The Gurugram Metropolitan Development Authority (GMDA) along with other government agencies, including MCG, HSIIDC and HSPCB, will carry out a survey to ascertain the amount of potable water being used in each building of the city.
The initiative is being carried out as part of their efforts to conserve groundwater, the level of which is depleting in the city and nearby areas. The decision came at a meeting, which was chaired by GMDA chief VS Kundu, on the use of treated water in Gurgaon on Wednesday.
Kundu has directed all departments concerned to start surveying the buildings. “Our aim is to understand the total quantity of potable water being used for non-drinking purposes, and then replacing it with treated water,” said the GMDA chief. Non- drinking purposes include horticulture, gardening, agriculture and industrial uses.
A senior GMDA official said according to the national standards, per capita water consumption is around 150 litres, of which 20 litres are for potable uses, while the rest is for non-potable uses such as horticulture and flushing. From this perspective, there is an immense scope for the government to increase the use of treated water, especially in a place like Gurgaon — a dark zone.
The survey will be carried out in all residential, industrial, commercial and government buildings. All government departments have also been asked to give the figures on the potable water being used by them now.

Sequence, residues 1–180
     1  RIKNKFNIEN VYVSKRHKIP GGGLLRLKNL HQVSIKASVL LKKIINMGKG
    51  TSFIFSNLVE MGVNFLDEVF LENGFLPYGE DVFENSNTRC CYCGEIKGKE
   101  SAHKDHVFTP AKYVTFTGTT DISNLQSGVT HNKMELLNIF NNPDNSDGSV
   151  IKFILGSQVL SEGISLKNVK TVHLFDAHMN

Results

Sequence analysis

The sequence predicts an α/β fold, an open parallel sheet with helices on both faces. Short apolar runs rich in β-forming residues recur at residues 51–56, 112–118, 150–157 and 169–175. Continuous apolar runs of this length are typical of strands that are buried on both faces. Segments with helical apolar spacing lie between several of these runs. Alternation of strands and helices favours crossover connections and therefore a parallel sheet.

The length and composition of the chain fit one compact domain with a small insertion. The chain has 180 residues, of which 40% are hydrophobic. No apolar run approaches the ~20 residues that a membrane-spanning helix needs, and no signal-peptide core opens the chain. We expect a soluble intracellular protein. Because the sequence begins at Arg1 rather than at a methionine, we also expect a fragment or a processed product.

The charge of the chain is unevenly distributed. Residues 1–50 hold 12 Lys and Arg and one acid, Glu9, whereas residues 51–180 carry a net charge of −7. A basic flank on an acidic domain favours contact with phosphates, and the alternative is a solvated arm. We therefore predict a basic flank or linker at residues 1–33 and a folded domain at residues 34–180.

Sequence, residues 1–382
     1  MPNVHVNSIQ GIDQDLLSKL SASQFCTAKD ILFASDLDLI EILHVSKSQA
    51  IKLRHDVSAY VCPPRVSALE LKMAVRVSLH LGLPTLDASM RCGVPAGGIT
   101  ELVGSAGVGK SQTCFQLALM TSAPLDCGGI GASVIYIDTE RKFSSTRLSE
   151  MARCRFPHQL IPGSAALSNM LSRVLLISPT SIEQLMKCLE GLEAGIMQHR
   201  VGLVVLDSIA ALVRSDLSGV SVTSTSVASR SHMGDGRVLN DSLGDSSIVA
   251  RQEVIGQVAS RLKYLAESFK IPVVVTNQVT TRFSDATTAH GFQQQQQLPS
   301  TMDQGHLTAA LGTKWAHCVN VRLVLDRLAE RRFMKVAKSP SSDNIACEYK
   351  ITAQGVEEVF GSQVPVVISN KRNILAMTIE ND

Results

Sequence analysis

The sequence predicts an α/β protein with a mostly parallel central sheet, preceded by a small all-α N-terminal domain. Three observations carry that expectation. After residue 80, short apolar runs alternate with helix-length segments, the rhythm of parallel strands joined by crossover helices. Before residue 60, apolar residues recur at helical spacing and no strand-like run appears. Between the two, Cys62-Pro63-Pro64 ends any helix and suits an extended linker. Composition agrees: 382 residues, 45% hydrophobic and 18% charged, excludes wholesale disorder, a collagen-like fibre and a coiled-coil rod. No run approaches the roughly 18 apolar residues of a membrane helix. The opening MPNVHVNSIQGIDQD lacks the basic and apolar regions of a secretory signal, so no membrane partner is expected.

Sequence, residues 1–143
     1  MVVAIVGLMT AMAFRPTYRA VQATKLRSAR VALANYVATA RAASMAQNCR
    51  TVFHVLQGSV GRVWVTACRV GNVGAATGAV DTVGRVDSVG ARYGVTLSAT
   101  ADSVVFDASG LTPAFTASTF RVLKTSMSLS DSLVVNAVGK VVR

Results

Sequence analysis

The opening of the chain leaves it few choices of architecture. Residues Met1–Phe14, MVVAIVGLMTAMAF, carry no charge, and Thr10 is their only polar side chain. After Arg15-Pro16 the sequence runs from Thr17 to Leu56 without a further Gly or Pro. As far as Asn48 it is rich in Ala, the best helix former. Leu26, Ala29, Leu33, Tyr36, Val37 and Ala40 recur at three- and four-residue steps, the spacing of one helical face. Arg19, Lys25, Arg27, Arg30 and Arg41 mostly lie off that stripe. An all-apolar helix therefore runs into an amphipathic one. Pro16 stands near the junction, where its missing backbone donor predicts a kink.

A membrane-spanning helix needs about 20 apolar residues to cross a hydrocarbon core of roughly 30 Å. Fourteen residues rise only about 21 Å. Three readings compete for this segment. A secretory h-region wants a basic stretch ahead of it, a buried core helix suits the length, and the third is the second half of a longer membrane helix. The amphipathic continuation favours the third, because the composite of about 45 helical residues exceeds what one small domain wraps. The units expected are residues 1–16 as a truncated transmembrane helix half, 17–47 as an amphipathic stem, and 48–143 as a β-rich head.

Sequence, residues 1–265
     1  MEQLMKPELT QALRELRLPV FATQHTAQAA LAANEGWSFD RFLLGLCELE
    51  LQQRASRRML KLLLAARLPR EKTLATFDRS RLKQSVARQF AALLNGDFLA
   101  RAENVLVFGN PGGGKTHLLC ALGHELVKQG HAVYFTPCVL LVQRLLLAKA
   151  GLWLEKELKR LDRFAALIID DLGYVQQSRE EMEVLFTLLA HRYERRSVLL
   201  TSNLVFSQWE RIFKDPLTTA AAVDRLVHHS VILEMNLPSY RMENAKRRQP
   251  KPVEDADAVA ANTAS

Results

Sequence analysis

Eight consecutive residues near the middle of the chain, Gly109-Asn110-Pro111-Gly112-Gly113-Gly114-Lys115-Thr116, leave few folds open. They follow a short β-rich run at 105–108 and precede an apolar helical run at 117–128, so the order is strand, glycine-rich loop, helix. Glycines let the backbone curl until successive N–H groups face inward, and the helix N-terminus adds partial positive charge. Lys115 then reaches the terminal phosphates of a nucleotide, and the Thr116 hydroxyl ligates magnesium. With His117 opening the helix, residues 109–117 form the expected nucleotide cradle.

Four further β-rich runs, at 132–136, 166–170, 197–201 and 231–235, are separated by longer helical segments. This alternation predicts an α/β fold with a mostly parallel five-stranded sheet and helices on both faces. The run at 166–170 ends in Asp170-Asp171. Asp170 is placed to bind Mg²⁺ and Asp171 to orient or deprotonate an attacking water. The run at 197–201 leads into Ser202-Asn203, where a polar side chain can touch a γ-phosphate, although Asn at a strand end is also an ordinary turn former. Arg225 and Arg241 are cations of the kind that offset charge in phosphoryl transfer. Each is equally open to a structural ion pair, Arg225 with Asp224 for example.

Additionally, the departments have to also submit a performa stating the amount of treated water they may use by 2025 and 2030 respectively.
According to a GMDA official, the development authority’s main objective is to bring down the use of potable water. This will not only reduce the city’s dependency on recycled water, but also help stop the exploitation of groundwater. Talking about the initiative, Kundu further said, “This is the first meeting held to discuss this, and there will be follow-up meetings every month to study the progress.”
As of now, GMDA is already providing around 260 MLD of treated water for reuse, of this around 200 MLD is being supplied for micro-irrigation purposes in Jhajjar where the remaining amount is being supplied within the city for maintaining parks, stadiums and green belts. GMDA has three STPs. Besides GMDA, MCG is also reusing at least 200 KLD treated water for the maintenance of parks and green belts. MCG treats this water at eight micro-STPs installed at various places.
According to the DTCP’s norms, it is also mandatory for all condominiums to set up micro-STPs in their complexes and use that water for non-drinking purposes. However, several of these STPs are lying defunct, even those within government buildings.
The meeting was also attended by developers, including DLF and Vatika, who elaborated their efforts in groundwater conservation.